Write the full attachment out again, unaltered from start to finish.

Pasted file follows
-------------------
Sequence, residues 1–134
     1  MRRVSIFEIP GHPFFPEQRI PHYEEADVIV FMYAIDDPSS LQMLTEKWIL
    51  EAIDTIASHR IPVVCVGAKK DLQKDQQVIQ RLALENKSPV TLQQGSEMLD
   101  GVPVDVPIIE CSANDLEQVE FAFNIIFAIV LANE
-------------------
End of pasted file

Sequence, residues 1–134
     1  MRRVSIFEIP GHPFFPEQRI PHYEEADVIV FMYAIDDPSS LQMLTEKWIL
    51  EAIDTIASHR IPVVCVGAKK DLQKDQQVIQ RLALENKSPV TLQQGSEMLD
   101  GVPVDVPIIE CSANDLEQVE FAFNIIFAIV LANE